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Wednesday, Jan 29, 2014
There's been a recent trend of pop songs that specifically criticize pop music and pop culture, where pop stars seem to be trying to distance themselves from pop... while still being pop.

Satire has a long history in music. From medieval troubadours to Randy Newman, music has been a great vehicle for political and social criticism. But lately, I’ve noticed a trend of pop songs that specifically criticize pop music and pop culture. Songs that are unabashedly pop while attacking unabashedly pop music. These songs have their cake and eat it too, and maybe that’s another layer of intentional satire. Whether it’s the subtle parody of hedonistic culture of Ke$ha or the direct criticism in Lorde’s “Royals”, pop stars seem to be trying to distance themselves from pop… while still being pop. Call it a symptom of the age of irony or a sign that pop has gotten so vapid that even its practitioners want it to change, it’s an interesting phenomenon either way.


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Wednesday, Jan 22, 2014
With the very fine new album Rave Tapes out this month, PopMatters looks back on Mogwai's rich career by picking 13 of the finest songs from the full span of the post-rock band's work.

Back in the ‘90s some writers started calling a fairly unrelated clutch of bands “post-rock”, a genre name no more or less sensible or grandiose than most of them. While the term was originally intended to refer to any act that was somehow advancing past the boundaries of rock music without, err, becoming some other genre, it quickly calcified into pretty much referring to guitar-based bands that specialized in long, instrumental songs that often built to huge crescendos. Like many minor genres, it described plenty of wonderful music but was as notable for how the notable acts in the field refused to just play, well, post-rock.


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Wednesday, Jan 15, 2014
After the surprise release of quite possibly her best album to date, it's time to have a look at the tracks that propelled this R&B darling into super-stardom.

Beyoncé Knowles has had quite the career. In only 32 years she’s managed to release 10 full-length albums (five with super girl-group Destiny’s Child), toured almost as many times as she released LPs, starred in seven feature-length films, and received all kinds of accolades and awards for her contribution to pop and R&B. She effectively filled the very glaring hole left by Janet Jackson when she decided that she wasn’t going to be cool anymore. Since her departure from the group that skyrocketed her into stardom, Beyoncé has led an almost incomparable solo career all the while maintaining her hotness. She’s been fairly contradictory in her music, simultaneously decrying the need for a man, all the while buying into the heteronormative matrimonial standards. She does it with class and integrity that makes it difficult to find fault in her fairly conservative standards.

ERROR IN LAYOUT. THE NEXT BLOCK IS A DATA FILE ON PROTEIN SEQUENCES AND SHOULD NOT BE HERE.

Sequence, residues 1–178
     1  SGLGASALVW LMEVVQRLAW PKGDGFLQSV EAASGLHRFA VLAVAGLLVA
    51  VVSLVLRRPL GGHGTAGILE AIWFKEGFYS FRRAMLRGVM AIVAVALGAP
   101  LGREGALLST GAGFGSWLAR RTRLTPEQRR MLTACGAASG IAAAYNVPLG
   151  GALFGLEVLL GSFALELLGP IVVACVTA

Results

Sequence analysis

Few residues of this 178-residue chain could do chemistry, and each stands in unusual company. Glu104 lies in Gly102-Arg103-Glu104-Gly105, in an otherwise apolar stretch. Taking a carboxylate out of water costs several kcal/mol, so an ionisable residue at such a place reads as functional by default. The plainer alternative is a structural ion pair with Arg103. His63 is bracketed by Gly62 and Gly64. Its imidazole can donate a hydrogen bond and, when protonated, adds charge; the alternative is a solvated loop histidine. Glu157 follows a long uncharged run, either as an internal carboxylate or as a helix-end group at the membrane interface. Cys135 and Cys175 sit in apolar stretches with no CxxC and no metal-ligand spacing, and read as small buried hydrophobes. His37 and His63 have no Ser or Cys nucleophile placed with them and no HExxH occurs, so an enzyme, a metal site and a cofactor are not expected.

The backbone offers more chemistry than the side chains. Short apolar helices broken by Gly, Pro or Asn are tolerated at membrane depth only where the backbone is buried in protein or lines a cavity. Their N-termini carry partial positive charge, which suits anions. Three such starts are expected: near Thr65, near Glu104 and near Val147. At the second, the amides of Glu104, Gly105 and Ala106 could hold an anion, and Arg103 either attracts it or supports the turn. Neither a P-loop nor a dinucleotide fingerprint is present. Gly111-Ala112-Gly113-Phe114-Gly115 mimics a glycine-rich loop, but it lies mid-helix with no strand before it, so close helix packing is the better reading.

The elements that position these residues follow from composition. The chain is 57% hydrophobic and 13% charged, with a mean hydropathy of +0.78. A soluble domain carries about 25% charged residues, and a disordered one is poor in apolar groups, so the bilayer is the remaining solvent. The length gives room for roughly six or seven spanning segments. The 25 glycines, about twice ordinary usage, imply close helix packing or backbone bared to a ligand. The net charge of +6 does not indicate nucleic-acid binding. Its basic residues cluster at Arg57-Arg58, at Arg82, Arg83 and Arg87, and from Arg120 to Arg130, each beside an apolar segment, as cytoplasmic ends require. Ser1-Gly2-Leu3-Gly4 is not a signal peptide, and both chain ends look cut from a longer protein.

Recently, she shocked the Internet with the completely surprise release of her fifth solo album, titled simply BEYONCÉ, which managed to hit number one on the Billboard charts, earning her a place in music history as the first solo artist with five consecutive No. 1 albums! In celebration of this illustrious career, PopMatters gives you the Top 10 Best Beyoncé Singles of All Time.


Tagged as: beyoncé, list this
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Wednesday, Dec 11, 2013
Though this may be the time of year when cloying pop covers of Christmas songs are picked up from far too many supermarket checkout lines, let it not sour you on all covers completely. The ten artists listed herein are laudable exemplars of how to make the cover version an artform all its own.

Though this may be the time of year when cloying pop covers of Christmas songs are picked up from far too many supermarket checkout lines, let it not sour you on all covers completely. Shearwater have a great album full of songs from its tourmates entitled Fellow Travelers, and the band’s Jonathan Meiburg lists all kinds of reasons for playing covers over at the Talkhouse. He lists plenty of reasons (it’s easy; it’s hard; it’s fun), but also touches on some phenomenally simple explanations for what makes great covers tick: “What makes a song a song? Is it the lyric? Is it the melody? How much can you distress a song without injuring its soul?” Shearwater approached many of these questions on Travelers, and the artists listed below used these selfsame queries to make the cover an artform all its own.


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Thursday, Dec 5, 2013
"It was Christmas Eve, babe / In the drunk tank / An old man said to me / 'Won't see another one'" -- "Fairytale of New York" has become a modern holiday standard, and Sound Affects lists five reasons why it deserves that status.

Canadian Thanksgiving, Halloween, American Thanksgiving, Black Friday—whatever date on the calendar you use to mark the start of holiday season preparations, know that that point has arrived. As has the requisite blizzard of season-appropriate music. For those seeking a respite from the Christmas/Hanukkah/etc. traditionals, popular music has proven more than willing to pick up the slack. Need an entire album of yuletide cheer from your favorite superstars? Everyone from Mariah Carey to Justin Bieber has you covered. Want to hear a legend tackle a holiday classic? Hold out for the inevitable yuletide network TV parades available throughout the month, or go online and cue up a vintage chestnut like Bing Crosby and David Bowie’s take on “The Little Drummer Boy”.


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